Los Angeles County spent $390,000 last year to send a million pieces of mail, essentially to itself.
Much of it was then sorted by workers and, after awhile, sent to the shredder.
County supervisors this week called it a cumbersome and costly exercise in futility, born of a federal requirement that the county send letters to the 1 million or so residents who receive food stamps.
Because tens of thousands of those recipients are homeless, however, there are few places to send their mail. So information about benefits, appointments and other notices are sent to 50,000 to 70,000 homeless people in care of one of about 30 regional offices of the county Department of Public Social Services.
Homeless recipients can then show up and get their mail, but officials said many never do. Depending on the district office, officials said 60% to 90% of the mail can go unclaimed.
"Clients who are homeless and need to use a county office address to receive case-related mail, federal rules require that we send it via U.S. mail, which results in our mailing it to ourselves," said social services Acting Director Sheryl L. Spiller.
"The county," Spiller said, "needs the flexibility to implement a more efficient, cost-effective and convenient delivery system."
One alternative officials suggested was that social services create an e-mail account for each participant so they can view it on a personal computer or at district offices and spare a worker from having to sort through piles of paper. Recipients could also print anything they have to take with them.
Supervisors agreed to instruct county workers to develop a strategy on how to overcome the federal regulation and any other legislation blocking their way to a more efficient process.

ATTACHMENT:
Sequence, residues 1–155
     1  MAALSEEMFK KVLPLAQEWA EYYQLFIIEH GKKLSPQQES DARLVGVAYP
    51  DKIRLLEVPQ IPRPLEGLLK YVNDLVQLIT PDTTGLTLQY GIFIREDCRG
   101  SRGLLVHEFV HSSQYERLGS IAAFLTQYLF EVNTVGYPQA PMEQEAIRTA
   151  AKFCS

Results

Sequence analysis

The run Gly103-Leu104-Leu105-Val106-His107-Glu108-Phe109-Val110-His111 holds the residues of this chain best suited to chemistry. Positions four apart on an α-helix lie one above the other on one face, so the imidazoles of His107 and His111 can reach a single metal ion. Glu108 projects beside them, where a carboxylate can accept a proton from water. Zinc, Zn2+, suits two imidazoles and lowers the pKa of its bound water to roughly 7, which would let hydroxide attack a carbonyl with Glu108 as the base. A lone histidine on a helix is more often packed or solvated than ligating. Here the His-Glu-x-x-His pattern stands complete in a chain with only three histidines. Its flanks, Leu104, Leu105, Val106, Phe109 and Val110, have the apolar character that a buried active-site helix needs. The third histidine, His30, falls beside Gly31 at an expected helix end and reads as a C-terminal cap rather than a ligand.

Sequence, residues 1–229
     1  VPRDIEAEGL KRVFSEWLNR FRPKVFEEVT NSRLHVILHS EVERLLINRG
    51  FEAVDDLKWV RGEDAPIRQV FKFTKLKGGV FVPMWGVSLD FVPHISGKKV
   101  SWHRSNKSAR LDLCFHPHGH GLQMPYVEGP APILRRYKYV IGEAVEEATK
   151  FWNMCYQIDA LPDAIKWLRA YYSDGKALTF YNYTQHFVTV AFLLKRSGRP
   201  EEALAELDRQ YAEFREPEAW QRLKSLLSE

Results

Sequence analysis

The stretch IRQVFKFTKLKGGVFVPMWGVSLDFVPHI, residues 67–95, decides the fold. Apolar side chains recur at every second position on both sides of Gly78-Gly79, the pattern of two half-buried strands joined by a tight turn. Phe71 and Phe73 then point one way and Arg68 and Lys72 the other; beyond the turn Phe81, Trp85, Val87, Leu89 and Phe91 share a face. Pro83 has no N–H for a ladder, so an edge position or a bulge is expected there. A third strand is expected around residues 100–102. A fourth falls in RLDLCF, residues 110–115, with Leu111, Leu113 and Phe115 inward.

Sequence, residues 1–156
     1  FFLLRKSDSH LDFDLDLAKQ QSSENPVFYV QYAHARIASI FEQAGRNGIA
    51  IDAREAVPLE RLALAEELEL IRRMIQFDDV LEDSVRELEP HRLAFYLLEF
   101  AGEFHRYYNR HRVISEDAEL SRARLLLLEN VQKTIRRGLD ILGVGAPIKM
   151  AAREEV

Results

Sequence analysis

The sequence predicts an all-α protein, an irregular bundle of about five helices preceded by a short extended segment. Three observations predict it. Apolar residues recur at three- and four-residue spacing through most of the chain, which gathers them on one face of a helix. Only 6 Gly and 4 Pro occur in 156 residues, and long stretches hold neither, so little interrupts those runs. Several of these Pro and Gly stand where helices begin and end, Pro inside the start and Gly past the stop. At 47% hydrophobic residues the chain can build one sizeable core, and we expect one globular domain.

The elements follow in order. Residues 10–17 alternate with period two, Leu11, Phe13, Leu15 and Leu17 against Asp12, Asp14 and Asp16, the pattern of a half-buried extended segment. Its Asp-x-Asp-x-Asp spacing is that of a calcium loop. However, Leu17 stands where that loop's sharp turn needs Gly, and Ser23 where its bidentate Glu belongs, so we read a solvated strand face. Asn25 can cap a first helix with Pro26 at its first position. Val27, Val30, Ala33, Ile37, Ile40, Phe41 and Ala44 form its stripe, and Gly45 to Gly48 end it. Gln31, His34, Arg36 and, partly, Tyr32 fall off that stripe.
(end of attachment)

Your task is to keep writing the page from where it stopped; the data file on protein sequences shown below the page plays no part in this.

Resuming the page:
Homeless advocates worried that an electronic mail system could invade someone's privacy or pose other problems for a diverse community with myriad needs.
"It appears to be a one-size-fits-all approach and this isn't really a population where you can use that approach," said Christine Khalili-Borna, a staff attorney with the law firm Public Counsel, which assists the homeless for free.
She said the system is flawed and supports changing it. Lines at district offices can be so long that people sometimes have to wait hours to get their mail and some letters are simply lost, she said.
"Often we see clients who say it's part of their routine to go once a week or twice a week and haven't received critical mail that should have been there," Khalili-Borna said.
Social services officials said they would work with Public Counsel and others before creating a detailed plan to recommend changes.
Mai Lee, director of government relations at the Midnight Mission downtown said many homeless people are able to use the mailing address of shelters they frequent.
She questioned whether switching from paper was practical: "Do people who are homeless have access to electronic-type media?"